Once it's established that a nutrient is essential for good health, the Food and Nutrition Board and the Institute of Medicine create a recommended dietary allowance according to age and gender. The RDA requirements are considered adequate for 98 percent of all healthy people. Because the requirements are designed to cover the vast majority of the population, you may be able to undershoot the percentages and still obtain all the nutrients you need.
An RDA is set for protein as well as vitamins A, C, D, E, K, B-6 and B-12. It is also established for the B vitamins thiamin, riboflavin, niacin and folate and the minerals calcium, copper, phosphorus, magnesium, molybdemum, iron, zinc, iodine and selenium. The RDAs not only vary according to gender and age but also for pregnant or lactating women.
How to Use the RDA
The RDA is purposefully set high to cover a large percentage of the population and usually exceeds the needs of 97.5 percent of the age and gender categories it encompasses. Dietitian Joanna Larsen explains that 67 percent of a given nutrient usually covers the average person, so this is the minimum amount you could consume of the RDA of each nutrient and likely stay healthy. Exceeding the RDA minimum requirements is unlikely to cause harm, as long as you stay below any upper limits established.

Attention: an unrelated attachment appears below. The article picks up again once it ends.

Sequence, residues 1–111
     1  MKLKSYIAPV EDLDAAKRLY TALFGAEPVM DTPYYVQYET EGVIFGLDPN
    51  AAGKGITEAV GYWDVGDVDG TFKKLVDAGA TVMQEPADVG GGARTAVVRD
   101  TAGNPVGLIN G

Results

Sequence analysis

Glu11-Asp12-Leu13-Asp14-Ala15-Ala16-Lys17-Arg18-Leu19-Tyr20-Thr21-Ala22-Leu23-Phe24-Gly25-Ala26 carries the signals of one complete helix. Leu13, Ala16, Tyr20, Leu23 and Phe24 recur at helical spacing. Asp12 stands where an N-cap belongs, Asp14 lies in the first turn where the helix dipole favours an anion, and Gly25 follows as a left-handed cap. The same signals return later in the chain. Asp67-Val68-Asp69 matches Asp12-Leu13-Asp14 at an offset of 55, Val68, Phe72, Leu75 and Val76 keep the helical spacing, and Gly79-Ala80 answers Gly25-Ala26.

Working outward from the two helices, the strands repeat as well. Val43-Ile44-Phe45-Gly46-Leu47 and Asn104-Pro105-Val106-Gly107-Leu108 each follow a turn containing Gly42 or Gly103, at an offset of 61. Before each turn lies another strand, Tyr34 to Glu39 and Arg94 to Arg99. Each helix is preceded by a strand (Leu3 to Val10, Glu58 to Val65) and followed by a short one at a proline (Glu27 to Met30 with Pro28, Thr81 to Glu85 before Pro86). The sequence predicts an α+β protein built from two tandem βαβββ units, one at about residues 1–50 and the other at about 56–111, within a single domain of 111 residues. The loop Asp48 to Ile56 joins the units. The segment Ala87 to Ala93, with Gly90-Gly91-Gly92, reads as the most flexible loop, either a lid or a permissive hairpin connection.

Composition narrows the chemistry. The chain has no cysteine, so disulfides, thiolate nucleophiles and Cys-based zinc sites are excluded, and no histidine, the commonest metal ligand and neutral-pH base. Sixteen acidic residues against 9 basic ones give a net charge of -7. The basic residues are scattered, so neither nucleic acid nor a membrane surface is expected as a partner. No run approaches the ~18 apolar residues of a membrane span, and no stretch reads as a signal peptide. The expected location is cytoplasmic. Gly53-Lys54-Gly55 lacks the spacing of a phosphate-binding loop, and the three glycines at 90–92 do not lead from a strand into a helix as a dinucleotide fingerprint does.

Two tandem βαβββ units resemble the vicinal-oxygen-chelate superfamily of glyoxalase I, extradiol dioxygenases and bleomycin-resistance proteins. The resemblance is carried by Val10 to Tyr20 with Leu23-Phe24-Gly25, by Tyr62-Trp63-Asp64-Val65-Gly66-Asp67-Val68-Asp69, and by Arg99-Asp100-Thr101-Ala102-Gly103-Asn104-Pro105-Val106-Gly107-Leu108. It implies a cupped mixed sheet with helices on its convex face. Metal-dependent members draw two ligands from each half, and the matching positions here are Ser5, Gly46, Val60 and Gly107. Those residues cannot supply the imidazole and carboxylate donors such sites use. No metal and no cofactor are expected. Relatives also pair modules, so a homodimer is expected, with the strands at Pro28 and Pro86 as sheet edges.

Limitations of the RDA
The RDA figures are established for healthy people. Those who are malnourished, suffering from health problems or taking specific medications may not find the RDA applicable. For even healthy people, the recommendations only provide a guideline because they can't account for individual variations in nutritional needs.
Only an Average
The RDA is an average daily intake. Trying to hit the exact percentage of each nutrient as recommended every day is nearly impossible. If you consume a varied diet that contains foods from all the major food groups -- fruits, vegetables, grains, proteins, dairy and oils -- you should meet the RDA requirements.
All Those Acronyms
Don't confuse the RDA with the estimated average requirements, which are the amounts of a nutrient that seem sufficient for half the population. Also know there is an "adequate intake" set for nutrients for which no estimated average requirement, and thus no RDA, has been established. The average intake is established using scientific judgment rather than proof, based on the average amount of a nutrient that a group of healthy people consumes.
- Ask the Dietitian: Dietary Reference Intake (DRI) & Recommended Dietary Allowance (RDA)
- Office of Dietary Supplements: Nutrient Recommendations: Dietary Reference Intakes (DRI)
- Understanding Normal and Clinical Nutrition; Sharon Rady Rolfes, et al.
- USDA National Agricultural Library: Dietary Reference Intakes: The Essential Guide to Nutrient Requirements
- Linus Pauling Institute: Micronutrient Requirements of Children Ages 4 to 13 Years
- Linus Pauling Institute: Micronutrient Requirements of Adolescents Ages 14 to 18 Years
- EatRight.org: What Does the Percent Daily Value Mean on the Food Label?